Daily Archives: October 22, 2012

Mentally Ill, Criminals, Obama, Olivia, Guns

I am uncomfortable discussing ableism and related topics linked to mental illness for several reasons. One is that I don’t know enough about it to ask people to pay a lot of attention to what I have to say. Despite the whingings of my many detractors, I actually do tend to know a fair amount about the stuff I do talk about, such as race and racism, issues of gender related to both biology and politics, evolutionary biology, human foragers, and climate change. Indeed, I wrote my theses on these things. Well, some of them. But when it comes to mental illness outside of issues related to interesting things the brain does (I know something about brains) and certain cultural aspects (I’ve looked into so-called “culture bound mental illness”) I’m out of my league.

So why am I writing about it now? I’m not, as you’ll see. This post started, as so many things have lately, with a post over on the Future of Skeptics venue, Teen Skeptics. There, Olivia took issue with a certain thing a certain person said (we’ll get back to that) and from that starting point provided an important discussion about the equation of mental illness with criminality, or more exactly perhaps, the equation of mentally ill persons and criminals. Continue reading Mentally Ill, Criminals, Obama, Olivia, Guns

Do wireless routers degrade over time, and if so, why?

I really dislike the commentary on Slashdot. It is worse than reddit in a way. Well, not really, but it is very annoying that an interesting question can be raised, and then seven thousand geekoids feel that it is very important for the world to read their own stupid little joke about the question. If someone provides actual information or rephrases the question usefully or anything like that, then it is lost in the sea of irrelevant yammering that is Slashdot.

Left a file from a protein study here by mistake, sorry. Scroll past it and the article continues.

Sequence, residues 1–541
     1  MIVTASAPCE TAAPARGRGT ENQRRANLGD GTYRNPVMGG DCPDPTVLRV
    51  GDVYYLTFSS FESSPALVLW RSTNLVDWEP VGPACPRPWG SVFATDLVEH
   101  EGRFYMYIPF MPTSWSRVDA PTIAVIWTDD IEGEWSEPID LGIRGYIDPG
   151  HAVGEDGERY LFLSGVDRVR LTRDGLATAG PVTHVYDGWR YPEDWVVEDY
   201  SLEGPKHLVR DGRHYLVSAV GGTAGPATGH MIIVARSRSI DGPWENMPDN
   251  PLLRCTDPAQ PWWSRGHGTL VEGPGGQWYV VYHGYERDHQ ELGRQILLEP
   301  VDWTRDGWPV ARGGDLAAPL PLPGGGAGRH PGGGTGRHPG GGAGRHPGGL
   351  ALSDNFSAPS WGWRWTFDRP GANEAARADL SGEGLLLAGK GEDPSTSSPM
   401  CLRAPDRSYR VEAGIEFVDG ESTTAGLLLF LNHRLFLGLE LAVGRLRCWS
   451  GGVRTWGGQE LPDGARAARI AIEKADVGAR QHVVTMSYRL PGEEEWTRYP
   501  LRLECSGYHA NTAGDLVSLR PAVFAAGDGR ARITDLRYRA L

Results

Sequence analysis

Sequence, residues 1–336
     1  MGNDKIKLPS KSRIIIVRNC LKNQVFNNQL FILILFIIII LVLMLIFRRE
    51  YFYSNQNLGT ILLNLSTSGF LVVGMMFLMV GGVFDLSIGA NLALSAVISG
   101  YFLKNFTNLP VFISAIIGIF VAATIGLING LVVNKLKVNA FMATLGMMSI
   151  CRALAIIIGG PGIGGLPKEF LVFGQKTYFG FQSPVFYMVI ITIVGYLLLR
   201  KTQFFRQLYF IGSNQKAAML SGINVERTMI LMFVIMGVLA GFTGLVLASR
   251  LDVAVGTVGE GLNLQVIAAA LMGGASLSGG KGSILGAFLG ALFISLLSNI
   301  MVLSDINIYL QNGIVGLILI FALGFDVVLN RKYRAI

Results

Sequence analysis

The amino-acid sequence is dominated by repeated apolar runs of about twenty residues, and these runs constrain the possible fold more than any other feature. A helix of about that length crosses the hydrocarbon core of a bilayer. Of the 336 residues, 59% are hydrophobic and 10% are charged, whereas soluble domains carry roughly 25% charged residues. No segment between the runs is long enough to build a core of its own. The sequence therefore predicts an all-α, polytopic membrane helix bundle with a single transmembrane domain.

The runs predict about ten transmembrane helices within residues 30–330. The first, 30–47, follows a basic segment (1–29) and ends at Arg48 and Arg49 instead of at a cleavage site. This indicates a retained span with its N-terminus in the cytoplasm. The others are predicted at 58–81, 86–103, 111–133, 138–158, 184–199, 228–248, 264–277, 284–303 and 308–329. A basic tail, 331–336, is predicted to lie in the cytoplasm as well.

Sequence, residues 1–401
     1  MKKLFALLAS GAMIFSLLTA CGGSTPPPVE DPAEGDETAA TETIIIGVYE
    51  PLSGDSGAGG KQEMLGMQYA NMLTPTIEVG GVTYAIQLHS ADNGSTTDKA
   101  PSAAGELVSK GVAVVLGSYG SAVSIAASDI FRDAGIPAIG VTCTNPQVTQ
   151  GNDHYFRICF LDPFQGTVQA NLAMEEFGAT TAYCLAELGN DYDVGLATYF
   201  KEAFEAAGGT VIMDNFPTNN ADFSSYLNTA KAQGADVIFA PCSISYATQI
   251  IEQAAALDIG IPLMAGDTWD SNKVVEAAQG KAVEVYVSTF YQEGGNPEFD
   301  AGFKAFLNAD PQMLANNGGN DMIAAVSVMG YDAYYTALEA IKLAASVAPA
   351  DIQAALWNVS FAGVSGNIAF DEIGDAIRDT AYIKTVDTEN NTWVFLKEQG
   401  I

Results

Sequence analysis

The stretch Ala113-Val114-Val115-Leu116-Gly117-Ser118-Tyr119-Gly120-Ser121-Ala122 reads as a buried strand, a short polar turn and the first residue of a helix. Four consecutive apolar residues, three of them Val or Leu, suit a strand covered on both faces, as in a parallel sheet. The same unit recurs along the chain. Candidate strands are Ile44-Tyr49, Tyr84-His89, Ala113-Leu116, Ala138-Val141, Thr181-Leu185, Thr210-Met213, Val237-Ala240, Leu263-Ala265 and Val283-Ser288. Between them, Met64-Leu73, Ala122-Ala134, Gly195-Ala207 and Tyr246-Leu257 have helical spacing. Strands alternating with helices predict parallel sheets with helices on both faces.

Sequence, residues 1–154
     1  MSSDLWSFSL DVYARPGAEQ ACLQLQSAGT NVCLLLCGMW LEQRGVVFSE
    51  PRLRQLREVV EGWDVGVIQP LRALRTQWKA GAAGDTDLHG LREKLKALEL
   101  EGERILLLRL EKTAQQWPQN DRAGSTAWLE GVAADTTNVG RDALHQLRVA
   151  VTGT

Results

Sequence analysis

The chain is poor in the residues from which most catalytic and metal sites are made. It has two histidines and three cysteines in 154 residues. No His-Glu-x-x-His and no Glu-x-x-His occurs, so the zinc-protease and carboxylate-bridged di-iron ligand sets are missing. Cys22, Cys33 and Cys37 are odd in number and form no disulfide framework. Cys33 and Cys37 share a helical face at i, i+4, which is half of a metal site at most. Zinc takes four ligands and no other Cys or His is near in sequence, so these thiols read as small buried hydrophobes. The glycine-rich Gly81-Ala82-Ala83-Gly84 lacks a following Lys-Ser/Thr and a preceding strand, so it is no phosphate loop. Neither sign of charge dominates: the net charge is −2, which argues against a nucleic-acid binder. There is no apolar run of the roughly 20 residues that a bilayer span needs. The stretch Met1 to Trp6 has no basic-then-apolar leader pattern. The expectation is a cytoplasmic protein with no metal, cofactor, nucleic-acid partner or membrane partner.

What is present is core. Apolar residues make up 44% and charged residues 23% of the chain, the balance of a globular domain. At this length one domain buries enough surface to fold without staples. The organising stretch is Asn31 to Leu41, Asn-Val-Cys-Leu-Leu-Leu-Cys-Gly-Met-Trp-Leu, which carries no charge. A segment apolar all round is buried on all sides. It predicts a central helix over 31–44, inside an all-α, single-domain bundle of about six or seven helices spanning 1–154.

So, yesterday or so, acer123 posted this:

“Lately I have replaced several home wireless routers because the signal strength has been found to be degraded. These devices, when new (2+ years ago) would cover an entire house. Over the years, the strength seems to decrease to a point where it might only cover one or two rooms. Of the three that I have replaced for friends, I have not found a common brand, age, etc. It just seems that after time, the signal strength decreases. I know that routers are cheap and easy to replace but I’m curious what actually causes this. I would have assumed that the components would either work or not work; we would either have a full signal or have no signal. I am not an electrical engineer and I can’t find the answer online so I’m reaching out to you. Can someone explain how a transmitter can slowly go bad?”

And we learn that it is actually the expansion of the universe, we hear some of the usual algorithm jokes, and so on…Well, maybe there is some good discussion in there, but it is hard to find.

Anyway, what is the cause of wireless degradation, with the first sub-question clearly being: “Does it happen?”

Should we submit this one to the Mythbusters? Is there a reason to blow up a wireless router? Probably not…

Greedy Lying Bastards

Check out this film trailer. Description below.

Wildfires in the West. “Brown-Outs” in the East. Farmers losing crops to the worst drought since the Dust Bowl. Climate change is no longer a prediction for the future, but a startling reality of today. The U.S. Pentagon believes it to be a matter of national and international security. Yet, as the evidence of our changing climate mounts and the scientific consensus proves a human causation, there continues to be no political action to thwart the warming of our planet.

“Greedy Lying Bastards” investigates the reason behind stalled efforts to tackle climate change despite consensus in the scientific community that it is not only a reality but also a growing problem that is placing us on the brink of disaster. The film details the people and organizations casting doubt on climate science and claims that greenhouse gases are not affected by human behavior. Filmmaker and political activist Craig Rosebraugh documents the impact of an industry that has continually put profits before people, waged a campaign of lies designed to thwart measures to combat climate change, used its clout to minimize infringing regulations and undermined the political process in the U.S. and abroad.